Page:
profound,profounder, profoundest.adjectives
very deep; deeply or intensely felt; situated at, extending to or coming from a great depth; penetrating far beyond what is superficial or obvious; marked by intellectual depth

a matter of regret (it's a pity she can't attend the reception); sympathy and sorrow aroused by the misfortune or suffering of another
pity, pitied, pitying, pities.verbs
transitive verb use.to feel pity for
intransitive verb use.to feel pity
have pity on or take pity on.idiom
to show compassion for

deserving pity; arousing.contemptuous pity, as through ineptitude or inadequacy; pathetic

demanding or arousing pity (a piteous appeal for help); pathetic

arousing or deserving of pity or compassion; lamentable; arousing disdainful pity; pathetic

prattle, prattled, prattling, prattles.verbs
intransitive verb use.to talk or chatter idly or meaninglessly; babble or prate
transitive verb use.to utter or express by chattering foolishly or babbling
idle or meaningless chatter; babble; a sound suggestive of such chattering; a babbling noise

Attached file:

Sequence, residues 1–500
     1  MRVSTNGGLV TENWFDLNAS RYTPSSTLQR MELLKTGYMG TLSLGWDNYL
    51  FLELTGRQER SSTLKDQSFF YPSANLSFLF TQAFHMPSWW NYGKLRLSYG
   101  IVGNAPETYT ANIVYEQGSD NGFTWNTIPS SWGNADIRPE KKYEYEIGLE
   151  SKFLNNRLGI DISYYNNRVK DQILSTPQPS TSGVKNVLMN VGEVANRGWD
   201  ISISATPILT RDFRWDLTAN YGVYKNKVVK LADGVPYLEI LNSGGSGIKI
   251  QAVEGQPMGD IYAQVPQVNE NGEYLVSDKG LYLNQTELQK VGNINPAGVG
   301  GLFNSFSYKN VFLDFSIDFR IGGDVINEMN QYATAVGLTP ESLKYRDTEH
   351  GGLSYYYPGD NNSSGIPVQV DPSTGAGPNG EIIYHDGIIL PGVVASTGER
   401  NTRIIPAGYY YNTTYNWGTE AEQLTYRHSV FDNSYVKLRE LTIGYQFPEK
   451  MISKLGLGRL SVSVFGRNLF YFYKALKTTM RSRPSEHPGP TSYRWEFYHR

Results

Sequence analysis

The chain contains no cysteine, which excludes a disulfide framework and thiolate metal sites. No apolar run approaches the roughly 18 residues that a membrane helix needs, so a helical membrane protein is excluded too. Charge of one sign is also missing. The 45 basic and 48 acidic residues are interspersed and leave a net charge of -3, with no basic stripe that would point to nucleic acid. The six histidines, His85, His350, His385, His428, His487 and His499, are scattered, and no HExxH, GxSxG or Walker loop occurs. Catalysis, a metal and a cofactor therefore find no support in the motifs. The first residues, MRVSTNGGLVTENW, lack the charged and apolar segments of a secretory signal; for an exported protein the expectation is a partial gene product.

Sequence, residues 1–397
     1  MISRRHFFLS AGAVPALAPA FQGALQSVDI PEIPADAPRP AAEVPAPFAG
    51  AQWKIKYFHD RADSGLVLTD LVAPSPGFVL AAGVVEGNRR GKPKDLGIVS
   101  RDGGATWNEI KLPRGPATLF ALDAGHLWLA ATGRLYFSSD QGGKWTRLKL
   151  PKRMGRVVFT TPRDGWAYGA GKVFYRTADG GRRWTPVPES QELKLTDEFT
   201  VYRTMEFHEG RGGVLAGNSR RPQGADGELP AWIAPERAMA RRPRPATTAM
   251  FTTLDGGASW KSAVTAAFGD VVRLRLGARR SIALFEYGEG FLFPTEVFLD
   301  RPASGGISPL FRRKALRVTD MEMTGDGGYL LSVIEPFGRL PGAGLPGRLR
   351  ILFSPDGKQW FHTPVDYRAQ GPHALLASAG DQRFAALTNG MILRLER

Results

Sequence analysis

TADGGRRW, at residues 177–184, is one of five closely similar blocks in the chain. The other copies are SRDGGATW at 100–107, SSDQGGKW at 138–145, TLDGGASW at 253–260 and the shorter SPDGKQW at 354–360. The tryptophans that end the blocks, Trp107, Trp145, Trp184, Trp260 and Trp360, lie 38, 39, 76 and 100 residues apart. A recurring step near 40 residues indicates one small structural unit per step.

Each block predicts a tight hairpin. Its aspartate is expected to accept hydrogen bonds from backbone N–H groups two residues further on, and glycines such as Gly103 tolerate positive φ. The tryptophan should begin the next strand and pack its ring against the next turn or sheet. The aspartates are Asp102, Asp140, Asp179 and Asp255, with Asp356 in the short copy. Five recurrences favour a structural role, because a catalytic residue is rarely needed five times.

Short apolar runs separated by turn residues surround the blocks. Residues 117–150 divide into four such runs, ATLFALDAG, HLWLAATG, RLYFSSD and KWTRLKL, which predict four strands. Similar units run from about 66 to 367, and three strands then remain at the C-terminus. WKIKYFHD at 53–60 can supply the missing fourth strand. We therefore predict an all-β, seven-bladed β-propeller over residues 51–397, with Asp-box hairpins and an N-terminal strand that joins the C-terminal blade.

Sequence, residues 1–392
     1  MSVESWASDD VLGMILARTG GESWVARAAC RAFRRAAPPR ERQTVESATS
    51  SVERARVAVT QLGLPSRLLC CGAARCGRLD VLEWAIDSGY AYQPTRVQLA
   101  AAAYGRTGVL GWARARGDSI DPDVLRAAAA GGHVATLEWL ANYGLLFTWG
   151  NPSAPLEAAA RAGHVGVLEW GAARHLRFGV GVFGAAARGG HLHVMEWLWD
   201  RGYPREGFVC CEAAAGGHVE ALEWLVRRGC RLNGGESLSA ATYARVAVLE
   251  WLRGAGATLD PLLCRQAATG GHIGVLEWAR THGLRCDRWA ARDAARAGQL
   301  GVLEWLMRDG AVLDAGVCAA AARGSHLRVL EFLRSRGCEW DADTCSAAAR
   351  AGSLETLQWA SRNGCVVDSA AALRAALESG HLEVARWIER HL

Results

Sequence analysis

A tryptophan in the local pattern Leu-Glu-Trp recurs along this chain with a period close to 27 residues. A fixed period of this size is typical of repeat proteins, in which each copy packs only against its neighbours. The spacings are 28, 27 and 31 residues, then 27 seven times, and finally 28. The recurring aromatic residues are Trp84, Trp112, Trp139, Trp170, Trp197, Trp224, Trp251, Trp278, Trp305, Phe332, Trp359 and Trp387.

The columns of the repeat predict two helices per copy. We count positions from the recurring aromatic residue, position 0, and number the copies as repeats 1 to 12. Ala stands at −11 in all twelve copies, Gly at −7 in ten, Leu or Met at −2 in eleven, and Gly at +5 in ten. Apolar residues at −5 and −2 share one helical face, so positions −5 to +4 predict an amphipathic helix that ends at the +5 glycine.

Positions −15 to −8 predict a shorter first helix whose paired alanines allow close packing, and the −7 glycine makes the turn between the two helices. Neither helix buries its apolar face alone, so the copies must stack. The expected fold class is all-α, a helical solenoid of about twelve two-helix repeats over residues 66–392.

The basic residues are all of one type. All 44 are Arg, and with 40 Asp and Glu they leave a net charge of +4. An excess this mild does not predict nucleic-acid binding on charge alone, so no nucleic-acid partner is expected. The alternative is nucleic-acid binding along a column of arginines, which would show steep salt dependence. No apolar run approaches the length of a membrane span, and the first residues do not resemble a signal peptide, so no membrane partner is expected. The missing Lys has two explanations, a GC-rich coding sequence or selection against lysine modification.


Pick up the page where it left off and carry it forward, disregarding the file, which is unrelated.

a state of vexation caused by a perceived.slight or indignity; a feeling of wounded pride
pique, piqued, piquing, piques.transitive verbs
to cause to feel resentment or indignation; to provoke; arouse (the portrait piqued her curiosity); to pride oneself (he piqued himself on his stylish attire)

a psychopath is someone who has adopted serious mental problems and who may act in various ways of violence without feeling sorry for what they are doing or have done; a person with an antisocial personality disorder, a narcissistic attitude along with a selfish dislike of others as manifested in unstable aggressive, perverted, criminal, cruel and amoral behavior as caused by distorted brain functioning and thus having shut down any conscience; the beginning of psychopathy is bullying
mental disorder, especially when manifested by antisocial behavior
of, relating to or characterized by psychopathy; relating to or affected with an antisocial personality disorder that is usually characterized by aggressive, perverted, criminal or amoral behavior
the study of the origin, development and manifestations of mental or behavioral disorders

Pit Bull Terrier.noun
during the early 1800s, dog breeders sought to create an extremely nimble, strong dog for sport, principally for dogfighting; a cross between the bulldog (the stupidest of all dogs) and an early terrier created the ideal fighting dog, the bull terrier; first ones about 1835, had colored markings on their fur like the variety shown here; today, the more popular variety of bull terrier appears all white